Tuesday, May 27, 2014

St. Thomas Aquinas: The First Avenger

[V]engeance is not essentially evil and unlawful….

Vengeance consists in the infliction of a penal evil on one who has sinned. Accordingly, in the matter of vengeance, we must consider the mind of the avenger. For if his intention is directed chiefly to the evil of the person on whom he takes vengeance and rests there, then his vengeance is altogether unlawful: because to take pleasure in another's evil belongs to hatred, which is contrary to the charity whereby we are bound to love all men. Nor is it an excuse that he intends the evil of one who has unjustly inflicted evil on him, as neither is a man excused for hating one that hates him: for a man may not sin against another just because the latter has already sinned against him, since this is to be overcome by evil, which was forbidden by the Apostle, who says (Romans 12:21): "Be not overcome by evil, but overcome evil by good."

If, however, the avenger's intention be directed chiefly to some good, to be obtained by means of the punishment of the person who has sinned (for instance that the sinner may amend, or at least that he may be restrained and others be not disturbed, that justice may be upheld, and God honored), then vengeance may be lawful, provided other due circumstances be observed. (Summa Theologiae II-II.108.1)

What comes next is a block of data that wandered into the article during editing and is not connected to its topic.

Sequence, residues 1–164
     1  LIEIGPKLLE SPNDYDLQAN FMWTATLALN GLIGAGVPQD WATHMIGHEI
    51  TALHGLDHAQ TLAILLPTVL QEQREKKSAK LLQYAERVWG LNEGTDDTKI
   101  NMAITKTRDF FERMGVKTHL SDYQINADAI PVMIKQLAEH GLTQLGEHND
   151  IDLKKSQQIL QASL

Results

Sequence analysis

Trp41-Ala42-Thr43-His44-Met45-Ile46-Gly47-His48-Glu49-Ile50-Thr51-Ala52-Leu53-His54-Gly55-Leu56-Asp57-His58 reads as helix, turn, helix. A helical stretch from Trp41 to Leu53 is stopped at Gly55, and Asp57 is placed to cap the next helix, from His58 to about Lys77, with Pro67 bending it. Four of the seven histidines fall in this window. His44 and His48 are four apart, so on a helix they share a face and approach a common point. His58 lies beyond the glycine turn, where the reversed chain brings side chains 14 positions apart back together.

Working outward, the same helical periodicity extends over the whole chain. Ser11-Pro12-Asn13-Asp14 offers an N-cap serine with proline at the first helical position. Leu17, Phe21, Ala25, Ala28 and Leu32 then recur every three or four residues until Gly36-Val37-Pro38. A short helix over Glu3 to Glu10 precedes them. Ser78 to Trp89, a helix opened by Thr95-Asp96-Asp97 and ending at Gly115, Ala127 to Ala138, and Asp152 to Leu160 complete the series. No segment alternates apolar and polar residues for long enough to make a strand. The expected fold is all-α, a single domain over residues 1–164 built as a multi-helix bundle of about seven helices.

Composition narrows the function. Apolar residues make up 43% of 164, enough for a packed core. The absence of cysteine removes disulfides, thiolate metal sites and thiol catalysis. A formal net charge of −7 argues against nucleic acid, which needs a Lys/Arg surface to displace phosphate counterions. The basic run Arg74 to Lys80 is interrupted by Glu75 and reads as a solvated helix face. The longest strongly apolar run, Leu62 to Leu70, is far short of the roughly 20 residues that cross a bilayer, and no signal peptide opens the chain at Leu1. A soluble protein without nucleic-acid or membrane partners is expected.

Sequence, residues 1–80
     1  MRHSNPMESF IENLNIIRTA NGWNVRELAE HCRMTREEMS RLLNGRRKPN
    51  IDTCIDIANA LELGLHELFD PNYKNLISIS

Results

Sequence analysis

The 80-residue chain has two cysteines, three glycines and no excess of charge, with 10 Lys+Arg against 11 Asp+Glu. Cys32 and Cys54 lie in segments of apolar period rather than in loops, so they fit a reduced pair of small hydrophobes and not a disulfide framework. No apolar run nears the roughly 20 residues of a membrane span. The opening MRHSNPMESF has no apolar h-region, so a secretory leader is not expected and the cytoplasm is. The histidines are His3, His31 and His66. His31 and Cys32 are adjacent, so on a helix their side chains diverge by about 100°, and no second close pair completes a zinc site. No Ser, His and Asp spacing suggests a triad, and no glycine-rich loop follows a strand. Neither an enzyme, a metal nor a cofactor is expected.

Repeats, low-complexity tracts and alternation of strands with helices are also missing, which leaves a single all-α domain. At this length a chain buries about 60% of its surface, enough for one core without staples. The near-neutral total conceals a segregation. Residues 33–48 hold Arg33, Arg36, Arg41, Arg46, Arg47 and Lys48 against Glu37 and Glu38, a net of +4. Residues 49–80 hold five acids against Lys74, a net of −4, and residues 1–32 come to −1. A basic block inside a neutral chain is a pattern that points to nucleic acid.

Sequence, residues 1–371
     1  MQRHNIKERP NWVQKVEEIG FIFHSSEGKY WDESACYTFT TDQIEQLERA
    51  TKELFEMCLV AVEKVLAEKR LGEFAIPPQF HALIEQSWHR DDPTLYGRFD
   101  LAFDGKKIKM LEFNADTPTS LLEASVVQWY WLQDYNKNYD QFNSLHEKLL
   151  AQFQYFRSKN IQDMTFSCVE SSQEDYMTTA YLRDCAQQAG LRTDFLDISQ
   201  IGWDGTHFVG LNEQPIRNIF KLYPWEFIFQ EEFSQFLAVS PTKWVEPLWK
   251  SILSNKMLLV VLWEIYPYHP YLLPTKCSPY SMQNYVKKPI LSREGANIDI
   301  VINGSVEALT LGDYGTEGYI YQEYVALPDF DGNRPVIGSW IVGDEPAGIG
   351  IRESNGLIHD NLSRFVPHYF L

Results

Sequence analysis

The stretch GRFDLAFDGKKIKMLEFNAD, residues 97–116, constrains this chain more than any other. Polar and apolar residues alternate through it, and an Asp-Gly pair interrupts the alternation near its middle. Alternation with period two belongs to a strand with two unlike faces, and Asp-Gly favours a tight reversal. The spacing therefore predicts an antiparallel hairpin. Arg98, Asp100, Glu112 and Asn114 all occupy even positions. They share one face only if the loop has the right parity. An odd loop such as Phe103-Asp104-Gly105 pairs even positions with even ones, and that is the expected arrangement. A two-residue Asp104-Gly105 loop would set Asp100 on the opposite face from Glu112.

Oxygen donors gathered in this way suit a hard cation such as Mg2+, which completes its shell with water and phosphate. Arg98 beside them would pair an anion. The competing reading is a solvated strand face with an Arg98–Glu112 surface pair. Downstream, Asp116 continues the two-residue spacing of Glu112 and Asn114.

Tuesday, May 20, 2014

The Prison of Materialism

Man that is born of woman has short days and full of trouble; but he is a nobler and a happier being than this would make him out. I will not deign to answer even Mr. Blatchford when he asks “how” a man born in filth and sin can live a noble life. I know so many who are doing it, within a stone’s throw of my own house, in Battersea, that I care little how it is done. Man has something in him always which is not conquered by conditions. Yes, there is a liberty that has never been chained. There is a liberty that has made men happy in dungeons, as it may make then happy in slums. It is the liberty of the mind, that is to say, it is the one liberty on which Mr. Blatchford makes war. That which all the tyrants have left, he would extinguish. That which no jailer could ever deny to a prisoner, Nunquam would deny. More numerous than can be counted, in all the wars and persecutions of the world, men have looked out of their little grated windows and said, “at least my thoughts are free.” “No, No,” says the face of Mr. Blatchford, suddenly appearing at the window, “your thoughts are the inevitable result of heredity and environment. Your thoughts are as material as your dungeons. Your thoughts are as mechanical as the guillotine.” So pants this strange comforter, from cell to cell. --- G. K. Chesterton.

Saturday, May 3, 2014

Ancient Ills